Citi Bike unveiled plans to expand deeper into Brooklyn, eventually reaching neighborhoods that are currently under-served or not covered at all, the company announced on Tuesday.
Photo credit: Flickr

Mayor Bill de Blasio announced Thursday that Citi Bike will invest $100 million for a massive expansion to double its coverage area, triple the number of bikes and expand its discounted memberships for low-income New Yorkers over the next five years. 

The funding is coming from Lyft, which recently purchased Citi Bike’s parent company Motivate.

According to the new agreement, Citi Bike will more than triple in size to nearly 40,000 bicycles, and expand by 35 square miles over five years, more than doubling the size of the current service area. The specific coverage area will be determined in the coming months with the community input of the selected areas, stated the de Blasio administration.

“This expansion means tens of thousands more New Yorkers are going to have a fast and inexpensive way to get around their city,” said de Blasio. “It also means much more reliable service for all the riders who already use Citi Bike.”

The expansion is coming right on time for the L-train shutdown which, according to the NYC Department of Transportation, is part of the city’s Canarsie tunnel shutdown mitigation plan, and will include both regular and pedal-assist bicycles.

Photo credit: Rafael Espinal

Councilmember Espinal, a strong proponent of environmentally-friendly transportation alternatives, welcomes the expansion and hopes it will also benefit underserved communities like East New York.

“At a time when our subway system is in crisis, we need to invest in transportation alternatives that help people get around reliably, efficiently and affordably,” said Councilmember Rafael Espinal. “Doing so will help reduce our carbon footprint and make our city more livable for everyone. I sincerely hope Citi Bike’s expansion prioritizes the neighborhoods I represent like East New York, where access to transit is limited for many people. Introducing pedal-assist bicycles to these neighborhoods could make a big difference, especially with the L-train shutdown just a few months away.”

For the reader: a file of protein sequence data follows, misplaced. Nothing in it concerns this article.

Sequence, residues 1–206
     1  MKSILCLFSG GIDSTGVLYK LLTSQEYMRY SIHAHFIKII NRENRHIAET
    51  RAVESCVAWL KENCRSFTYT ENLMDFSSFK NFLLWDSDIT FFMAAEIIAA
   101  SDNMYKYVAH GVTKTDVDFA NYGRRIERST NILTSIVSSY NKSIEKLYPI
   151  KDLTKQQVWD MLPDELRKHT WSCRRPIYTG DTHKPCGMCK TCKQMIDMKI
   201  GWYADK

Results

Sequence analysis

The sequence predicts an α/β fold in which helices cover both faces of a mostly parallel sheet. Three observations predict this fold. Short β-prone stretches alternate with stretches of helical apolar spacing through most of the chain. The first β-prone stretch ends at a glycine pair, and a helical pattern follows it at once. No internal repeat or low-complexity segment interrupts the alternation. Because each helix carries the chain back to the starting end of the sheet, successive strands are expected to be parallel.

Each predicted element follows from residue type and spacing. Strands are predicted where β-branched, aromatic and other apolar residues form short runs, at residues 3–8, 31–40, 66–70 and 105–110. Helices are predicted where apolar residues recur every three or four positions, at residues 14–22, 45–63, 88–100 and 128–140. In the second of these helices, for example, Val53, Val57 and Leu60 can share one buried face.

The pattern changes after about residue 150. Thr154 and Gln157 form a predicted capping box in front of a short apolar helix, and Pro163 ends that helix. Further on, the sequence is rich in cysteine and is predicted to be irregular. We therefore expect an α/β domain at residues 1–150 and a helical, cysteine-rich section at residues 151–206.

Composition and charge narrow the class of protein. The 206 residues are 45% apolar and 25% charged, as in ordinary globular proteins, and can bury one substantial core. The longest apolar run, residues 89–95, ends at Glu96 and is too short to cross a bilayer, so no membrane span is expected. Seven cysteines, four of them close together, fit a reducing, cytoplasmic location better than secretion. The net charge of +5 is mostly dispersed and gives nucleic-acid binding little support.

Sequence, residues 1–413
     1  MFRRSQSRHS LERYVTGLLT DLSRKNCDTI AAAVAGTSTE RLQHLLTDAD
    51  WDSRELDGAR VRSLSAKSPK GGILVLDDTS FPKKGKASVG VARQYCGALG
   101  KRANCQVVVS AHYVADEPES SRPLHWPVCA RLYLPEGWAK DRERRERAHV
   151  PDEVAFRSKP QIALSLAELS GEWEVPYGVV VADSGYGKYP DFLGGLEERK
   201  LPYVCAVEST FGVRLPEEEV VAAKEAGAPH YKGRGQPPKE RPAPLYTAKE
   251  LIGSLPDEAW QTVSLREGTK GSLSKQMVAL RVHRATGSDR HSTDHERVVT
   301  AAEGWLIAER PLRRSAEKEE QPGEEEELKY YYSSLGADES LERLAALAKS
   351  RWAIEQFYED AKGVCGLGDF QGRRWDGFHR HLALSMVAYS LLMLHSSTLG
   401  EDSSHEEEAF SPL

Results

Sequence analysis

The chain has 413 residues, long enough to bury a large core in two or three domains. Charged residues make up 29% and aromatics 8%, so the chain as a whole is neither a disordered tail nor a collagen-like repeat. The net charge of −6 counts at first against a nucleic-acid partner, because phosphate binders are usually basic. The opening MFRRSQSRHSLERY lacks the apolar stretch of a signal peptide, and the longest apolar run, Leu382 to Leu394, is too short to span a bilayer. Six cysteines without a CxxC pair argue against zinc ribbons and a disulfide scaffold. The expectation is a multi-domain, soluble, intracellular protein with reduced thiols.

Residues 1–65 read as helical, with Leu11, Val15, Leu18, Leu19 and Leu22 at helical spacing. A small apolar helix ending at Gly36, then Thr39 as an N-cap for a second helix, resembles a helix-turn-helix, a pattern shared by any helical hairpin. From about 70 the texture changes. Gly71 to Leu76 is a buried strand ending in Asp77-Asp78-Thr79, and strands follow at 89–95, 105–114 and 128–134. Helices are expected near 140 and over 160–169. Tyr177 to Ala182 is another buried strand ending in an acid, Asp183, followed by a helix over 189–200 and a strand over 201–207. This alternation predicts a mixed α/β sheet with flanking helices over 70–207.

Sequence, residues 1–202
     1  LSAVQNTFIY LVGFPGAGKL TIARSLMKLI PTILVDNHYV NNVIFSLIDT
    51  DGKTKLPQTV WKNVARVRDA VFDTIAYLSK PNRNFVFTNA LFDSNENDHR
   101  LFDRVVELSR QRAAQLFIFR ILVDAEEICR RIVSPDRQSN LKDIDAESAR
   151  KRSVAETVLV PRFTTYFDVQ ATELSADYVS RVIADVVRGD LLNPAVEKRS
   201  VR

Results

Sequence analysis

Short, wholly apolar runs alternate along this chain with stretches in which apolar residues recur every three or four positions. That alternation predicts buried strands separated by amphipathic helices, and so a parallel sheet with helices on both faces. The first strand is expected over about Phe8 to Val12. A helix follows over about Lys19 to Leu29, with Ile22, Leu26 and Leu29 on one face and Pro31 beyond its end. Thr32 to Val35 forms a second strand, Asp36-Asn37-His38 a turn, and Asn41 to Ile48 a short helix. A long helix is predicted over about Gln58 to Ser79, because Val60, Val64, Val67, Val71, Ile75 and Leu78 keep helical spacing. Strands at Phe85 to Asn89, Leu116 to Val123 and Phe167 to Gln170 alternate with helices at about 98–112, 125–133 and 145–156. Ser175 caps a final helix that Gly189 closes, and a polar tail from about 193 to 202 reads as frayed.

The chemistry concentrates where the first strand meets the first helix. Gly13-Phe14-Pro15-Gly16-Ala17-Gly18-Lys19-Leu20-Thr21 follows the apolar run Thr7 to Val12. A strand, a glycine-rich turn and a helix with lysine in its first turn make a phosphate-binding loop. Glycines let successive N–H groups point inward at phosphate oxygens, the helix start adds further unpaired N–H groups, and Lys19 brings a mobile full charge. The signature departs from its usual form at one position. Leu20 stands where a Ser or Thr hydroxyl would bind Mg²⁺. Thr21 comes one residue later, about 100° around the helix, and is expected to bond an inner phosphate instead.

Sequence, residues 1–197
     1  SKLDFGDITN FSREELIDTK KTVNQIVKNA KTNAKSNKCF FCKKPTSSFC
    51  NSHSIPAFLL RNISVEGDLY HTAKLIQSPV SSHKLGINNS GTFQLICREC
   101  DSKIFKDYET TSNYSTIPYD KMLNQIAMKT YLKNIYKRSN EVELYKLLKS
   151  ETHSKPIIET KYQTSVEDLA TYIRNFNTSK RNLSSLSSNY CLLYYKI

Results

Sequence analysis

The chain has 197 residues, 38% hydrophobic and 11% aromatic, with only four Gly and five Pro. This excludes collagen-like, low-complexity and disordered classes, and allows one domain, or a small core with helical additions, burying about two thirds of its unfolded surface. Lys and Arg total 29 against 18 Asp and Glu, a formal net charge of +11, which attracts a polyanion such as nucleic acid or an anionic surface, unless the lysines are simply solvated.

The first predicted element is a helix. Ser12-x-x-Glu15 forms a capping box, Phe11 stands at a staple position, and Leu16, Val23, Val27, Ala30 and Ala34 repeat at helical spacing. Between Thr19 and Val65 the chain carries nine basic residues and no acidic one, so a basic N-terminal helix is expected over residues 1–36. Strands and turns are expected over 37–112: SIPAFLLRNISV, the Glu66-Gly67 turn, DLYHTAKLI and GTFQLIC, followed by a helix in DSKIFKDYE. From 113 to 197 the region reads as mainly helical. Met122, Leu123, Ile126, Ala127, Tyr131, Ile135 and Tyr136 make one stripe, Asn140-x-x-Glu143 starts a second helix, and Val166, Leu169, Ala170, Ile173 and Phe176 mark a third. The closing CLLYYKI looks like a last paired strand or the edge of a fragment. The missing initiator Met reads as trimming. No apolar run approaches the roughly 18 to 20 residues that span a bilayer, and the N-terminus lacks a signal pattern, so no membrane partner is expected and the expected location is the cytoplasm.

Lyft also agreed to expand the Reduced Fare Bike Share program, a 2015 partnership Councilmember Robert E. Cornegy Jr. spearheaded with Healthfirst and the Bedford Stuyvesant Restoration Corporation, and which provides discounted memberships of $5 per month for all NYCHA residents and SNAP recipients.

Councilmember Robert Cornegy represents the 36th district of Bedford-Stuyvesant and Crown Heights

“Having choices when you need to get a child to school or find a ride to work is paramount to economic prosperity in underserved communities where transit options are often hard to come by,” said Cornegy. “But by connecting employees with their jobs and retail businesses with their customers, Citi Bike and Lyft have been at the forefront of increasing economic opportunity in communities of color like the one I represent. I am excited and confident that this substantial investment will further expand not just transportation options, but economic opportunity, to even more New Yorkers.”

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